- British Prime Minister Theresa May has requested a three-month delay to Brexit.
- The prime minister has written a letter to the European Council’s president, Donald Tusk, requesting that Britain’s exit from the European Union be pushed back to June 30.
- She had planned to call for a lengthier extension.
- The EU on Thursday will decide whether to accept the request.
LONDON – Theresa May has written to the European Union requesting a three-month extension of Article 50 that would push Britain’s exit from the EU back to June 30.
The prime minister wrote to the European Council’s president, Donald Tusk, on Wednesday morning requesting the Brexit delay and rejecting calls for a longer extension.
She said that while she remained “confident that Parliament will proceed to ratify” her deal, “this will clearly not be completed before 29 March 2019.”
Announcing her decision to Parliament, May said she was not prepared to accept a longer extension.
“I am not prepared as prime minister to delay Brexit any further than June 30,” May said in a statement to MPs.
“The outcome of a long extension would be endless hours and days of this House contemplating its naval on Europe,” May told MPs.
“This House has indulged itself on Europe for too long. It’s time for this House that it will deliver on Brexit for the British people.”
The leaders of the 27 other EU countries are set to decide on Thursday whether to accept the request.
However, an EU Commission note published on Wednesday suggested that EU leaders would not be willing to accept a delay until the end of June.
The memo states that the UK has a “binary choice” of either accepting a short delay until the start of the European Parliament elections on May 23rd, or a significantly longer delay until the end of 2019. It also ruled out any further renegotiation of the Brexit deal.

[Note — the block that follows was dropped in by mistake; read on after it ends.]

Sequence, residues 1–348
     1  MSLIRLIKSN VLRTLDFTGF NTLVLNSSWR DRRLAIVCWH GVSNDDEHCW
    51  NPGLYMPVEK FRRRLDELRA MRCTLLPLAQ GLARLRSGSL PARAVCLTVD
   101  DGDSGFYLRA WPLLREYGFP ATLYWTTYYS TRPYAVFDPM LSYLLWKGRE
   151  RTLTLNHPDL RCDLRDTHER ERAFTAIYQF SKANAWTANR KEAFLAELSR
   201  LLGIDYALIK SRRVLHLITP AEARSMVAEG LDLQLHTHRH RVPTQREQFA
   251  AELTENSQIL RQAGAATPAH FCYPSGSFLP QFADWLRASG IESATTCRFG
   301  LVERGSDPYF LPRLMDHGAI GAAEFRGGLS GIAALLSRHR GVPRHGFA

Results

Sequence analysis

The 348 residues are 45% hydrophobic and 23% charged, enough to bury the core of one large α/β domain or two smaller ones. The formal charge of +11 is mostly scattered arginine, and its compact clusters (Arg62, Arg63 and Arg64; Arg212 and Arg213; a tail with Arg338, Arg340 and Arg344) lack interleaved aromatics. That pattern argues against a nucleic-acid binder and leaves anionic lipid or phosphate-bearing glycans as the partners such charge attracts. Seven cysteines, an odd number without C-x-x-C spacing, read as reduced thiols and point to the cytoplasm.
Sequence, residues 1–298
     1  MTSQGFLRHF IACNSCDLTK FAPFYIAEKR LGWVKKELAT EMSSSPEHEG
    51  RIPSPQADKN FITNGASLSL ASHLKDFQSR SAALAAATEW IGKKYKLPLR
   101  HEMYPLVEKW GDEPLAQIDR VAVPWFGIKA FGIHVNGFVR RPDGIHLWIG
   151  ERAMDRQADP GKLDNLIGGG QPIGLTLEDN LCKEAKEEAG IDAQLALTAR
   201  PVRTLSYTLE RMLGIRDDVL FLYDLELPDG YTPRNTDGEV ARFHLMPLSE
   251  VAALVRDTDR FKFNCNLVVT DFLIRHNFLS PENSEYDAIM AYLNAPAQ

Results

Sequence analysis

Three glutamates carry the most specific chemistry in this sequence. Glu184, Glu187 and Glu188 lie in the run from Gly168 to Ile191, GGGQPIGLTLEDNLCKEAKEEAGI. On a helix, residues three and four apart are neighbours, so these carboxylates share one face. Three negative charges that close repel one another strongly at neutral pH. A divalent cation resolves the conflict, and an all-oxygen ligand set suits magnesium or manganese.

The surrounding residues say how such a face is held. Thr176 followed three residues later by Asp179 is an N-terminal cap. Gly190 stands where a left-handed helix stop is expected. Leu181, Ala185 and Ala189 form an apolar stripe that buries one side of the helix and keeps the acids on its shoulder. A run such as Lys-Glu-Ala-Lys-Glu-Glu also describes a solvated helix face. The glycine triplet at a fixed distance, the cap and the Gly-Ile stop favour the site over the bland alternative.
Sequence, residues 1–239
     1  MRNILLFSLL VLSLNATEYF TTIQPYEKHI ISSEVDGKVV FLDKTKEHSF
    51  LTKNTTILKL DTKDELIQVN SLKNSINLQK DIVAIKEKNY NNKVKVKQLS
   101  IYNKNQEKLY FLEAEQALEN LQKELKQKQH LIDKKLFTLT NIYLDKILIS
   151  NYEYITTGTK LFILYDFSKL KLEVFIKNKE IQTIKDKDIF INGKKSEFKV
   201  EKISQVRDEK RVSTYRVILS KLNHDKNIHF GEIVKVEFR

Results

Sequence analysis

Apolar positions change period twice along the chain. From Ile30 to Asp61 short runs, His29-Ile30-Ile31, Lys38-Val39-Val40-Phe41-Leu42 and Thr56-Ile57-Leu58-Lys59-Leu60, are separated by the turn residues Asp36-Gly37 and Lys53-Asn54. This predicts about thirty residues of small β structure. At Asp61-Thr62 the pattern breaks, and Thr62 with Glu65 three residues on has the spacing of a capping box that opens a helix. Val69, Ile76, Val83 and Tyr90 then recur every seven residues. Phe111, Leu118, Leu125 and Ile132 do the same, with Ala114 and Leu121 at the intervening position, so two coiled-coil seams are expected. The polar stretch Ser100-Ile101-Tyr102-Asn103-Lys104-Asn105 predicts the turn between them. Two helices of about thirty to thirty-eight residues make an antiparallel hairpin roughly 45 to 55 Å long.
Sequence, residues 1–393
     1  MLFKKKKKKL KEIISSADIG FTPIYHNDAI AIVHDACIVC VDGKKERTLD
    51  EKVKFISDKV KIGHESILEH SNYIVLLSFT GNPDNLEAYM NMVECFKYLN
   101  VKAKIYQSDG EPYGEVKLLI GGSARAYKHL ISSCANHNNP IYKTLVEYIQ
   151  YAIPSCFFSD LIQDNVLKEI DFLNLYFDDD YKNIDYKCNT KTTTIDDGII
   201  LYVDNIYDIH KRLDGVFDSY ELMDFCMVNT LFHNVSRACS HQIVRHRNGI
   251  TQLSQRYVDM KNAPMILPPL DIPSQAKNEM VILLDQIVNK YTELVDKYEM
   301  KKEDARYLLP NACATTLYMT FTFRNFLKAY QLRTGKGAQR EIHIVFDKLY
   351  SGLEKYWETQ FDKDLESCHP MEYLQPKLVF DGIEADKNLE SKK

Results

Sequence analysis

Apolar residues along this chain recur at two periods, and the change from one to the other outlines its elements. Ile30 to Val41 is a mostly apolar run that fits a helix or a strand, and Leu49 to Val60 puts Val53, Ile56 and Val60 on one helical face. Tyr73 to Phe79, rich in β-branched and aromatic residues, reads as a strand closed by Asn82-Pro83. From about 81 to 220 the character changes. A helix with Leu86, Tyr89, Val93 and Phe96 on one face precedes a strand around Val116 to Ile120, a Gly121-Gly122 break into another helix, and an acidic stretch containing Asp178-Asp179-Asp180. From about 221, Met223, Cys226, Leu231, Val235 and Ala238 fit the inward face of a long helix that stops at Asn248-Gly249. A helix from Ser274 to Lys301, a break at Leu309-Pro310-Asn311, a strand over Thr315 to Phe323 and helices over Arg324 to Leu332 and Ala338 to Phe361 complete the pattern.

The prime minister had originally been intending to write to Tusk on Wednesday to demand both a short extension of about three months as well as a lengthier extension of up to two years.
Parliament approved a motion last week that included a promise to demand a lengthier extension by the end of this week if MPs had not backed a deal.
Downing Street had been planning to also seek a lengthier extension as part of a plan to persuade Brexiteer Conservative MPs to back her deal before the end of the original Article 50 process, due to finish on March 29.
Any lengthier extension would require the UK to take part in the European elections in May and would have risked the EU attaching strict conditions, such as the demand that Britain should agree to a softer Brexit – in which it maintains some ties to the EU – or hold a second referendum.
‘Betraying the British people’
- Thomson Reuters
A longer extension would most likely have triggered a series of walkouts from May’s Cabinet by senior Brexiteers, many of whom are already furious about the prime minister’s inability to ensure that Britain leaves by the original Article 50 deadline.
Trade Secretary Liam Fox and the House of Commons leader, Andrea Leadsom, are both understood to have been prepared to resign from Cabinet over the issue.
“If you continue to apply for an extension to Article 50, you will be betraying the British people,” the eurosceptic Tory MP Peter Bone told May.
The prime minister had been considering plans to hold a third meaningful vote on her Brexit deal this week after it was rejected for a second time earlier this month.
That plan was scuppered, however, after Speaker John Bercow ruled on Monday that the prime minister could not keep on bringing the vote back to the House of Commons unless the government secured significant changes to the deal.